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Hoping for peace, Sierra Leone grudgingly accepts its torturers

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  • Paul Dever
    Hoping for peace, Sierra Leone grudgingly accepts its torturers The following is a bit graphic in places, but it is NOT indicative of all of Africa. Sad to
    Message 1 of 1 , Sep 5, 1999
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      Hoping for peace, Sierra Leone grudgingly accepts its torturers
      The following is a bit graphic in places, but it is NOT indicative of all
      of Africa. Sad to say, intervention would have been quicker had it been
      farther north. It is sometimes difficult to explain excesses such as this
      to others but this is the only type of war like it.

      September 4, 1999 Web posted at: 6:29 PM EDT (2229 GMT)

      FREETOWN, Sierra Leone (AP) -- Moments before the rebels were going to
      kill Ishmael Dramane, a 9-year-old boy cradling a machine gun saved his
      life.

      "He told his commander that they have a lot of people to kill, and they
      didn't have to kill an old man," said Dramane, who at 42 is already long
      past middle age in this West African nation ravaged by poverty and war.

      The rebels argued about what they should do. Then they voted. Three years
      later, Dramane, an itinerant miner and truck driver, still struggles to
      find the words to describe what they then did to him that day in a jungle
      village in eastern Sierra Leone.

      Instead, he kneels in the dirt of the Freetown camp for war victims where
      he now lives. He shows how the rebels tied his wrists behind his back and
      how he obediently placed his hands on a small bench. He knew what was
      coming. They'd told him what they were going to do.

      Then, he says, one picked up a machete and chopped off both his hands.

      Laughing, the group left him in the dirt, blood pouring from his forearms
      as he screamed in agony. It took him 12 hours to reach a hospital.

      "How can I live with these people?" Dramane demands angrily, waving his
      stumps in a visitor's face. "I lost everything."

      Thousands of people lost everything in Sierra Leone's civil war,
      systematically butchered by a rebel movement with a fascination for
      amputation and an undefined political agenda.

      In a war almost completely ignored by the international community, people
      as young as 3 and 4 years old lost their fingers, their hands, their lips,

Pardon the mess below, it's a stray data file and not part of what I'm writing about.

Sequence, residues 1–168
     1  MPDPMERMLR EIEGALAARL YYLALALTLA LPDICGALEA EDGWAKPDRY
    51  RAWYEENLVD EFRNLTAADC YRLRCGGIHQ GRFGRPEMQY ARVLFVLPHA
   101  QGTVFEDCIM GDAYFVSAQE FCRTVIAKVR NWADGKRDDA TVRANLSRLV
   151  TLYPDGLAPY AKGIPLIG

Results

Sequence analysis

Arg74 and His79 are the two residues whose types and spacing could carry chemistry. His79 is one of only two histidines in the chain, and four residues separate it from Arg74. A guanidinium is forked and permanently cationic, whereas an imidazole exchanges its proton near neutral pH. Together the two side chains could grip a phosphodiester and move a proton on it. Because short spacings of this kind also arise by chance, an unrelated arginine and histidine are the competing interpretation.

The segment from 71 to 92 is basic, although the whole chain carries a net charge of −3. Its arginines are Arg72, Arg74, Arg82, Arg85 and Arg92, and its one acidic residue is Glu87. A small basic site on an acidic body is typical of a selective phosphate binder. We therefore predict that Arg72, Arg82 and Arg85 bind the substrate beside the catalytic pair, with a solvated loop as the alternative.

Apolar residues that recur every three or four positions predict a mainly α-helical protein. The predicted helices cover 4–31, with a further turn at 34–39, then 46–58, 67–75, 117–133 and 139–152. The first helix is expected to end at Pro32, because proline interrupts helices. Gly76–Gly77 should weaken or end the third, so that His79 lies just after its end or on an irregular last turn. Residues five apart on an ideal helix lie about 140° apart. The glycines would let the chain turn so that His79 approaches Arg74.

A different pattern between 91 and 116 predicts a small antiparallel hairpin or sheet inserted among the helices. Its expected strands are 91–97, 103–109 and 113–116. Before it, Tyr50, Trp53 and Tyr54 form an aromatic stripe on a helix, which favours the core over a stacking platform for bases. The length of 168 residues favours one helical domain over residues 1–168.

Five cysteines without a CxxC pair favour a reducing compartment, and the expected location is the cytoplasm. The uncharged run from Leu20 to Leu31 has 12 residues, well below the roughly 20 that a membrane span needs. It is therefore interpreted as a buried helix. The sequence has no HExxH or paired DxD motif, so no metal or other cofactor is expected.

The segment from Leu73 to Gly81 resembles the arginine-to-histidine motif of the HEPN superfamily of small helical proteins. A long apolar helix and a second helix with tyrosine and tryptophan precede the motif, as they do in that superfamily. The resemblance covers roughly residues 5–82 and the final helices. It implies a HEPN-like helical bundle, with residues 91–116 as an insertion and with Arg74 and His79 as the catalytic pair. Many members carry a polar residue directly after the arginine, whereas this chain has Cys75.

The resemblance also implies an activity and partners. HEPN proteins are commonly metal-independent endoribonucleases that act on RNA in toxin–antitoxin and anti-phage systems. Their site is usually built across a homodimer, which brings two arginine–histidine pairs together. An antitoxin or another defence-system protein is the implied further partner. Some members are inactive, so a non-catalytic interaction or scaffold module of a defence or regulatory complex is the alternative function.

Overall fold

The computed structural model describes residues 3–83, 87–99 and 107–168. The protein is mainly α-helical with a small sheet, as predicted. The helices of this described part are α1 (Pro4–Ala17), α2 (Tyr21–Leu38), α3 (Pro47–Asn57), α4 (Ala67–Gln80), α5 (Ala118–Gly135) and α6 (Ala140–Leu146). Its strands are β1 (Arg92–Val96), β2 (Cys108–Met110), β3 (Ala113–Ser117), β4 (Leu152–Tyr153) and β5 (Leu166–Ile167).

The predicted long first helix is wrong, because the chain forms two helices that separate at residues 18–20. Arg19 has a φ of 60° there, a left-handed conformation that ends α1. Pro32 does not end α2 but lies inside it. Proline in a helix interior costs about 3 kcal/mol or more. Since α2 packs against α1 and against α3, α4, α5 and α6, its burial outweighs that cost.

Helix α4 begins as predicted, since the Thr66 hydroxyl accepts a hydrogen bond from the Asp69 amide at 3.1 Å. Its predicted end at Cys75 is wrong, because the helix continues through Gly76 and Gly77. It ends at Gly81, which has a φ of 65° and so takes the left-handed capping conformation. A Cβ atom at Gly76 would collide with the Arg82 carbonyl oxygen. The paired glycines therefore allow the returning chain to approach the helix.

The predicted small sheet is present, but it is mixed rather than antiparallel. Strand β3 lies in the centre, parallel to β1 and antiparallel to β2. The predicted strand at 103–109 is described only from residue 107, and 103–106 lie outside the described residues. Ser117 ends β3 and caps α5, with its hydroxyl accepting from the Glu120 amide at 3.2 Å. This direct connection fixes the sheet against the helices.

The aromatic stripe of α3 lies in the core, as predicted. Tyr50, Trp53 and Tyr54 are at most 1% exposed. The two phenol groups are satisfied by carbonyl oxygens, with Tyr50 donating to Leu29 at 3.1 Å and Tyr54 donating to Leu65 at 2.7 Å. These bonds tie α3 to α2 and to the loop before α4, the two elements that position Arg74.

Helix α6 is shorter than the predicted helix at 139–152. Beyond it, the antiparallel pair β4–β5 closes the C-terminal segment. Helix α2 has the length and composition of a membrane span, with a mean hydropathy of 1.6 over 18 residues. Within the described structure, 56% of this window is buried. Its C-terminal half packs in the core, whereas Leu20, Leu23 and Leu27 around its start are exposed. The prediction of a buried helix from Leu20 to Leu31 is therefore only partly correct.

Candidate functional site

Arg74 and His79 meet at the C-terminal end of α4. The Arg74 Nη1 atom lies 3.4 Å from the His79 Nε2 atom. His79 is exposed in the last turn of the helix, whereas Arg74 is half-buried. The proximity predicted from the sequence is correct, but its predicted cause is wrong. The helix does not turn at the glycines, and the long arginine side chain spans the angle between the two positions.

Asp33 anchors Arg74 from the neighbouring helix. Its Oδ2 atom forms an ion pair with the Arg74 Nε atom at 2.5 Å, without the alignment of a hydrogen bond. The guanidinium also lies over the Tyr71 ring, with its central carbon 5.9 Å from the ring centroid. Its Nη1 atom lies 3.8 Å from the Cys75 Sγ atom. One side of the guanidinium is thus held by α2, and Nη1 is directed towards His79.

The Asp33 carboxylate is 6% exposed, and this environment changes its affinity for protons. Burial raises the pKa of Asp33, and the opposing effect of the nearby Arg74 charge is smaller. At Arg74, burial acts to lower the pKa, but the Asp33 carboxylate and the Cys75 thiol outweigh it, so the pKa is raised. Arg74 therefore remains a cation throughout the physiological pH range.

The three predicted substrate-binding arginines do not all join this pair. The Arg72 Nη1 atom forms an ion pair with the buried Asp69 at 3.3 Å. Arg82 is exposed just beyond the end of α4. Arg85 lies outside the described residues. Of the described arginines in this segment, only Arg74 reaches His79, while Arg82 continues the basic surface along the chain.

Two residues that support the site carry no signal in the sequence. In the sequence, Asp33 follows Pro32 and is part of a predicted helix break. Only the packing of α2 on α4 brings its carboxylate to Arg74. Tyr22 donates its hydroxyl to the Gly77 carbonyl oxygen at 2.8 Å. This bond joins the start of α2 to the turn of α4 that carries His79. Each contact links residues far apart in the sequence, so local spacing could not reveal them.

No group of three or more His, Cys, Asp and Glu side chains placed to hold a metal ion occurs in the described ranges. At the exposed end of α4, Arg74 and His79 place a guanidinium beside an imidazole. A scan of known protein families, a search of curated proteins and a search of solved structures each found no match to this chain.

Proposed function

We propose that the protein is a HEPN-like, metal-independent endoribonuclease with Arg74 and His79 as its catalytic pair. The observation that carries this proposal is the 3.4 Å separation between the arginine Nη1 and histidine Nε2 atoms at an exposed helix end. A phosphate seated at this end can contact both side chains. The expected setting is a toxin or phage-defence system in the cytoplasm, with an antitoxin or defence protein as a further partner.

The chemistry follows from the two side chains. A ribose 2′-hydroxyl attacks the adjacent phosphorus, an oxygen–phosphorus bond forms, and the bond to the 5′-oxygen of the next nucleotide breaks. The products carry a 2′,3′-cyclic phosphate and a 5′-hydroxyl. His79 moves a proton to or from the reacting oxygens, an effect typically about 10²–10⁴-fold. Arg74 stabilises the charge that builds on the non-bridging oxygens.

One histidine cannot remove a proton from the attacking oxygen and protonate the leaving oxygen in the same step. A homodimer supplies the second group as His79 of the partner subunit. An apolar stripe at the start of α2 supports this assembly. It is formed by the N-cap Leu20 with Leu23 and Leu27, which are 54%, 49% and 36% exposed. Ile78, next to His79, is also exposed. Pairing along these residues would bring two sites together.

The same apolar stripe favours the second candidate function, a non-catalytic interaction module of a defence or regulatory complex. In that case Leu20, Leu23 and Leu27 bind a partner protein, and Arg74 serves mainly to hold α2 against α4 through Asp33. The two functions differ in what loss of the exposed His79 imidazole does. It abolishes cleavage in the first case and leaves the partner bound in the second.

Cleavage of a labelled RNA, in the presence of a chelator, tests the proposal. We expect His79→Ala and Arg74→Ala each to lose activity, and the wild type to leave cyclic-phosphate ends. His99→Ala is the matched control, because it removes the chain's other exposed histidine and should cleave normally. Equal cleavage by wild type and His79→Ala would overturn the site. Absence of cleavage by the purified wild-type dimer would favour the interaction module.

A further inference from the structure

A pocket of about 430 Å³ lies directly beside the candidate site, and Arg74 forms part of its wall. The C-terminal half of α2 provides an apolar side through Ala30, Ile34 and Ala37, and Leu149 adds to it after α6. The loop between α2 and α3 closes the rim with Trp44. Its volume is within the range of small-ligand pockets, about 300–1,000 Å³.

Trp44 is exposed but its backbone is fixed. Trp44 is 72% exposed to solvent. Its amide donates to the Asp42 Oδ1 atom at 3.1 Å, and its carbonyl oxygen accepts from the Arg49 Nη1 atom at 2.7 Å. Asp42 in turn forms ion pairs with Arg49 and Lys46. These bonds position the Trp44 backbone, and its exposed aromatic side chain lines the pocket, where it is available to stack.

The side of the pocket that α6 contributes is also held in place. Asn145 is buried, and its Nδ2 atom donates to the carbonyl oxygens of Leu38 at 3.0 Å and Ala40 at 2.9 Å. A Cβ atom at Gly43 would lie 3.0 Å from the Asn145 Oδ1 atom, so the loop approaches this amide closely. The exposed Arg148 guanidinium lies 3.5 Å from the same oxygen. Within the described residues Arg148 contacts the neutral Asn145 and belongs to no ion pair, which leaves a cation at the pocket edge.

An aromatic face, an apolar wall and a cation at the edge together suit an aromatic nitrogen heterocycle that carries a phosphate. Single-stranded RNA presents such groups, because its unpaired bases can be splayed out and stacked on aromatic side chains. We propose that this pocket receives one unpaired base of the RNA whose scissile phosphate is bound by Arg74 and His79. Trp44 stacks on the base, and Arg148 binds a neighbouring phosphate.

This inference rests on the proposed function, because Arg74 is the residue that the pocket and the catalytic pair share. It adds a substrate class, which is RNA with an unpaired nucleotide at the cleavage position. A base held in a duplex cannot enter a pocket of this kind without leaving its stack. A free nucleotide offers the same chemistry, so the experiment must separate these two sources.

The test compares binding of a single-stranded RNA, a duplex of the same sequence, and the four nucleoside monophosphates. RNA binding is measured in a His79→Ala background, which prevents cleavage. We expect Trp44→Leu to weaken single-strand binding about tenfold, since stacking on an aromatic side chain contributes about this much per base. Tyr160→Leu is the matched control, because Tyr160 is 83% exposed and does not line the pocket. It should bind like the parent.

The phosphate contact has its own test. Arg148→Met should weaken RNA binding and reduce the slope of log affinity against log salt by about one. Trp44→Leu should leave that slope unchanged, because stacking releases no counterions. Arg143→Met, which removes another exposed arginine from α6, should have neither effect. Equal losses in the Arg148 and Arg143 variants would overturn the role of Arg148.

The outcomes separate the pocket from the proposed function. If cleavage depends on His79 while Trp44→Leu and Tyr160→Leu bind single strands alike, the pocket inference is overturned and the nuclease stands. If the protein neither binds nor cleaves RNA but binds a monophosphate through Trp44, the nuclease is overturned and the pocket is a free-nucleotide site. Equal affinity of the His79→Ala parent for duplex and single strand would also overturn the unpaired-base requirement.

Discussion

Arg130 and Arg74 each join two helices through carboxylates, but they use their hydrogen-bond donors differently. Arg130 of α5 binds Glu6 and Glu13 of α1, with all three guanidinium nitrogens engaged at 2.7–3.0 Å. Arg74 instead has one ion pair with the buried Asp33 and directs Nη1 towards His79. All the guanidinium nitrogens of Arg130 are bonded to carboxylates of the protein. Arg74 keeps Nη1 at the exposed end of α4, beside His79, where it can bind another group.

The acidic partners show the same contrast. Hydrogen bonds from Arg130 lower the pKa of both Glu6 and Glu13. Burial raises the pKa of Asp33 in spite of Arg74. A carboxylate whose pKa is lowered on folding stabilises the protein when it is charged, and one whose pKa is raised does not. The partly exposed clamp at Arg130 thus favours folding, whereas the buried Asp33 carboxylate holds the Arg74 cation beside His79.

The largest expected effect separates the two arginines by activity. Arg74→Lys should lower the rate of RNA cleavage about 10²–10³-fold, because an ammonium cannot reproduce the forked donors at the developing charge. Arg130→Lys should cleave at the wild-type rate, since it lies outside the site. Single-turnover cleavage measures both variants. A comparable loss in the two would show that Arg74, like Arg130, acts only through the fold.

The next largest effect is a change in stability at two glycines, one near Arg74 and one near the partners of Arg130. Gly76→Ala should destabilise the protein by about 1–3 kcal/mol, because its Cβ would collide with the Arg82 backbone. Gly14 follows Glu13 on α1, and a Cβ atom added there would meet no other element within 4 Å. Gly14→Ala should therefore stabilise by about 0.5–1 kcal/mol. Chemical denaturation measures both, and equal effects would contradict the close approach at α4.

their ears. All became living examples of the power and the sheer
      brutality of the rebels, signs of what people who did not support them
      could expect. Thousands of people were mutilated, and tens of thousands
      more lost their lives or their homes.

      But the government of Sierra Leone says it's now time to forgive.

      Suddenly, rebel leaders dismissed as war criminals just months ago are
      about to join the government. They stay in nice hotels, get chauffeured
      around this ramshackle capital city and give TV interviews. They have
      audiences with powerful politicians, diplomats and aid groups, and talk
      endlessly about their commitment to peace.

      In early July, the rebel Revolutionary United Front signed a shaky accord
      ending eight years of civil war, trading peace for a role in a
      power-sharing government.

      It's an agreement that few people in Sierra Leone are comfortable with --
      and few believe will bring long-lasting peace.

      But, most people acknowledge, there was nothing else the government of
      President Ahmed Tejan Kabbah could do. Broke, horribly bloodied, outgunned
      and dependent on foreign aid, Sierra Leone knew it had to find peace
      somehow. In January, a rebel offensive leveled entire blocks of Freetown
      and left thousands dead, pushing the government closer to a deal.

      "If Kabbah didn't accept this peace, the rebels would continue to kill
      people, to amputate people," Dramane said. "Kabbah had to accept."

      He admits this grudgingly. Dramane, who like most rebel victims was
      randomly targeted -- lead into a trap by a young rebel boy -- has nothing
      good to say about the peace deal.

      A proud man with an easy laugh and a smoker's gravely voice, he once
      roamed Sierra Leone dreaming of mining riches, of living an easy life.

      "I'm a traveler," he says. "I can't stay long in one place."

      Now, though, he no longer travels. He can't light his own cigarettes or
      eat without help. His family has disintegrated, his wife and four children